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  • Rebecca Drew

Lessons from International Francophonie Week


Red Rose Close-up

Today is the official end of International Francophonie Week for Year 2021. This year's theme was centered upon language, and I certainly learned a few lessons, but not necessarily in French. Just like the way this rose, pictured above, has to unfurl its petals, I felt layers of myself were opening up, barely revealing the center. Let me explain.


I tried to translate handwritten French documents written centuries ago. For the most part, it was a struggle. I listened to a few French language lessons. It seemed fine until I had to pronounce words myself. And don't ask me to solve any French math problems beyond 2+2=4, which should be deux plus deux...wait...tell me again how to say "equals" in French? Then, I participated in a Zoom webinar about common sayings in French-Canadian and Acadian culture. When I say participate, it means I wrote "Merci" during the chat session. The brave souls who allowed themselves to be seen on camera were very well-versed in French and English. They kindly explained everything in perfect English. I felt so out of place amongst people who know so much about their culture, and I almost left the meeting as soon as I entered it. I'm glad I didn't, but I never quite understood what they said in French. Did I learn any French? I would have to consult my notes, but I know "bleuet" means blueberry in Québec, and it's a cornflower in France. It's a good thing I don't have plans to travel any time soon, or possibly ever.


That webinar, held by the Franco-American Centre in New Hampshire, had the most impact. I wished I could have shared their cultural experiences, although some of them shared stories about the way their pronunciation was perceived by others, and how they were discouraged from speaking French in the school systems of the United States. Is this part of the reason why my great-grandfather left Maine for California? Was he hoping to resolve the issue of navigating two cultures within New England? That way, his offspring would not have to make the choice. Truly, I don't know. And here I thought he just wanted to tend his plants in a different climate!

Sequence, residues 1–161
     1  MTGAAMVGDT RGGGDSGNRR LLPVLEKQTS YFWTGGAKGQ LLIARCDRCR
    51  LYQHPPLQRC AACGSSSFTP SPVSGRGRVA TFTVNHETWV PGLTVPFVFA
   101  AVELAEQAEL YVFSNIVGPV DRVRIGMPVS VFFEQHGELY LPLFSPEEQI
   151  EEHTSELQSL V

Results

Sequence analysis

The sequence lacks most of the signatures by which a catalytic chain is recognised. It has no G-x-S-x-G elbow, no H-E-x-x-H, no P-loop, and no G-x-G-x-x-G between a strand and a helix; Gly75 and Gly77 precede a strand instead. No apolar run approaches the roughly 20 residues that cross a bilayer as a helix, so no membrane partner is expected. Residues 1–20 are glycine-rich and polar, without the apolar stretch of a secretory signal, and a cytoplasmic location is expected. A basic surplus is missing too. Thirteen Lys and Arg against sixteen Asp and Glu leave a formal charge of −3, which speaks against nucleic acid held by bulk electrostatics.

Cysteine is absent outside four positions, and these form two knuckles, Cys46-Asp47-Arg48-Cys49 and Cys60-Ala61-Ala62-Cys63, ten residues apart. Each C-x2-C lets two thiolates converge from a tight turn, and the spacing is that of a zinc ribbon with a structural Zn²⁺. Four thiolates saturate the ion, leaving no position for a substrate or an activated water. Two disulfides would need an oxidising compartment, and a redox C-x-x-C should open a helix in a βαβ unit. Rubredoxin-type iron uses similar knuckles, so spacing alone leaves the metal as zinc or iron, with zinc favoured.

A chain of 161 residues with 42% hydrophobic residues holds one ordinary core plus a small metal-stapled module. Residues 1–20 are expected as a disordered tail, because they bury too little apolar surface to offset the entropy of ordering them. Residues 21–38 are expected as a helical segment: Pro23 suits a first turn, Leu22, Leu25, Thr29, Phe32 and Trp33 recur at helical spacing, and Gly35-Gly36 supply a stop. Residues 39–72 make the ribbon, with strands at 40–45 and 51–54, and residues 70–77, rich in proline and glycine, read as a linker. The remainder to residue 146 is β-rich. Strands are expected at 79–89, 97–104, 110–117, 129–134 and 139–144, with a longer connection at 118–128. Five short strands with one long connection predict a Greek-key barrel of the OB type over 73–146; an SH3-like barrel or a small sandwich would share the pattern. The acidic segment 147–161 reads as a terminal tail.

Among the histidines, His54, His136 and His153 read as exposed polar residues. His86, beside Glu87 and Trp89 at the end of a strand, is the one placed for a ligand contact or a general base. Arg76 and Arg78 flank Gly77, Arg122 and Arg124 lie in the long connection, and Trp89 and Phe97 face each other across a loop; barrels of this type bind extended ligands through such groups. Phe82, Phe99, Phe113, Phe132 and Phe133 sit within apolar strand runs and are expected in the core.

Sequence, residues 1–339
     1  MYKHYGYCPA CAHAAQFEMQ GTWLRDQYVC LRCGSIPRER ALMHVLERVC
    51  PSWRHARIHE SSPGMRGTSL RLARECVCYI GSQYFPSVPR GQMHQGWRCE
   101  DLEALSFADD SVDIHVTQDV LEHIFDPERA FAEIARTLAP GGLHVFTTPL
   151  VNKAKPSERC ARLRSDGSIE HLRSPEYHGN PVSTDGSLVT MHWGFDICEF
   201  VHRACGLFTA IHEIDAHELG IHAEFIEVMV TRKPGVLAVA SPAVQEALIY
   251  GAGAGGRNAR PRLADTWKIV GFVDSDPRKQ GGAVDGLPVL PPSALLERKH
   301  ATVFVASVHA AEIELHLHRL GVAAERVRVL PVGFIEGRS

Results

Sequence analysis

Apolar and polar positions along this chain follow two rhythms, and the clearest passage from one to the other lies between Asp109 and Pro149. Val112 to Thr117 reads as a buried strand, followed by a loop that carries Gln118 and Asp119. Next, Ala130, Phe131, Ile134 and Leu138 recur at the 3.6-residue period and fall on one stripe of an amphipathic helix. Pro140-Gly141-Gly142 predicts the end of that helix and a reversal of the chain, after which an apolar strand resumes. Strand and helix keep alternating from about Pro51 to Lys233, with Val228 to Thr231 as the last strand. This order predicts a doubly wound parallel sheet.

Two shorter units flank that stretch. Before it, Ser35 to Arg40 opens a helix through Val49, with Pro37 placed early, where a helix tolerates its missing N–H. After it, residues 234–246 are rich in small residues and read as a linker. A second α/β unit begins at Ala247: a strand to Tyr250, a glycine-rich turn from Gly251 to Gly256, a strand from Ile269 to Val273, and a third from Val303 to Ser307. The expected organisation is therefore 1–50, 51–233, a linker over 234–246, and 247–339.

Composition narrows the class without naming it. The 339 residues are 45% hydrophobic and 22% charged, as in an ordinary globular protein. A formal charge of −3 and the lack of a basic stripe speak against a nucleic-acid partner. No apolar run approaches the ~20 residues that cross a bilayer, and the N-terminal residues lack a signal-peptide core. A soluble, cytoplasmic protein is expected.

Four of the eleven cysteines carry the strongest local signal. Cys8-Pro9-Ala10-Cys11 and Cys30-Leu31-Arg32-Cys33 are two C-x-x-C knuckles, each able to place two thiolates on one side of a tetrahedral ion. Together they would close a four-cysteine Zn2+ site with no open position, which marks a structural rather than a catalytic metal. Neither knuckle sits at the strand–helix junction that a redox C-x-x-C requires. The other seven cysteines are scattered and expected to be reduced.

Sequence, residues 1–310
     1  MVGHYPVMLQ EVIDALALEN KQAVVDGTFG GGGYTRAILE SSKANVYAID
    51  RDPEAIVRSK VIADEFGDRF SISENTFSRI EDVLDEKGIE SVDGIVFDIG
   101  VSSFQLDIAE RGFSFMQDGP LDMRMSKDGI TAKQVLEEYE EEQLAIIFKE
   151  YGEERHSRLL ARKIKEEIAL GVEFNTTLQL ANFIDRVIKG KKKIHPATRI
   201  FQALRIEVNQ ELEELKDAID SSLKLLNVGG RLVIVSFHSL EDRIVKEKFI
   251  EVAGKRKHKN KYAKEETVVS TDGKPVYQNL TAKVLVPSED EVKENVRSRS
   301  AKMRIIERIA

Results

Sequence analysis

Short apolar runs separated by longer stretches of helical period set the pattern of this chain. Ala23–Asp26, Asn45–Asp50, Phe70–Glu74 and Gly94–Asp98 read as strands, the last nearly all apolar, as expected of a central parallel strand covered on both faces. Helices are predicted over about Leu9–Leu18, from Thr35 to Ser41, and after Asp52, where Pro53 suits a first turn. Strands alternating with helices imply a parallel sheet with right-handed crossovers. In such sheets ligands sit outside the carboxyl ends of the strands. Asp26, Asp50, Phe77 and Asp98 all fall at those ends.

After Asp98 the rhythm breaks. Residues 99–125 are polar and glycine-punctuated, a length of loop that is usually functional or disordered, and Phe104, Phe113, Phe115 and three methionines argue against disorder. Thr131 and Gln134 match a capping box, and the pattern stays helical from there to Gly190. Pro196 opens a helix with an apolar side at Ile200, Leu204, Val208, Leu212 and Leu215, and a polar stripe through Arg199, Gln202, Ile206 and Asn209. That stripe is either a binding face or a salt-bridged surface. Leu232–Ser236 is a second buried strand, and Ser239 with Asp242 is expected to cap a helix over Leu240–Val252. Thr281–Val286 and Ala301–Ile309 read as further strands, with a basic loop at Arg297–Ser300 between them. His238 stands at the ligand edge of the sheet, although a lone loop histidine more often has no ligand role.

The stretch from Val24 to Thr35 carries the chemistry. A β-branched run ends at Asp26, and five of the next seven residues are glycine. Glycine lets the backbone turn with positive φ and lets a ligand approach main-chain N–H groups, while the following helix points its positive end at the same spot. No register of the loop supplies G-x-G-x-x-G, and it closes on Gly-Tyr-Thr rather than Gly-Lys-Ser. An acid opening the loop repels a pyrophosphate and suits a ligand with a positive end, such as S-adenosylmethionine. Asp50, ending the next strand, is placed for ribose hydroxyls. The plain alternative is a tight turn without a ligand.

As expected, there were numerous references to nature and farming. Many of the webinar participants laughed when something was said in French. I started laughing, too, but I wished I knew why I was laughing! It was fun to see everyone having a good time. However, I felt like an interloper of sorts. This was their world, and they are happy to share it with others, but I still felt like an outsider looking in. Sure, I share some of the heritage, but I was not raised in the day-to-day culture. Did I have a right to be there? Then, I heard one of the participants, the lovely singer Josée Vachon, say something that almost moved me to tears. She said it in French before translating, but I was getting a tiny bit teary-eyed before she translated it. What did she say? I don't remember. As she explained, she said her family migrated to Maine from Beauce. That is the same region in Québec where my ancestors originated before immigrating to Maine, too. Was an internal memory sparked? The sun is starting to shine on my keyboard as I write this. Mind you, there was a bizarre bit of snow this morning, so this sun is a surprise. And when I was thinking about typing the word "quagmire," I decided to look it up, old-school style, in the dictionary. Guess what word I landed on first thing? Québécois.


If you are still reading this after my stream-of-consciousness session, then "merci." As I was saying, there were lessons learned. Yes, I may not know French, but I must share this culture with you. The Québécois and Acadian culture must stay alive. So many of the people are good and kind. For the most part, they seem down-to-earth, and there is a compassionate side to them. Sure, some of them may be quiet with people they don't know, but there is a thread of concern for the well-being of others. I'm not sure how to explain it, but others have made references to this seemingly innate compassion, and I've seen it myself. Perhaps I can share some of these stories with you as we "cultivate the roots of our heritage." Of course, I will find ways to link them to nature, because the natural environment plays a major role in how cultures are formed, and that's certainly true for the Québécois and Acadians. Yet, at the end of the day, it's how we relate to each other, whether or not we are speaking the same language.


The enjoyment of nature is one way to bridge the divide amongst people with different languages and culture. They say it generally takes three generations to lose a culture and language, but I am hoping to keep some of it alive through the Floramont Journal. Luckily, there are other descendants of New France who are ensuring this treasure is not lost, and some of them still know the French language! I really envy the ones who know about the soirées, the large gatherings of multi-generational family and friends where people bring instruments and have sing-alongs of folk music. Meanwhile, I hope to take the party outdoors, virtually, where we can appreciate nature through the lens of those who came before us. À bientôt! Translation: Bye for now!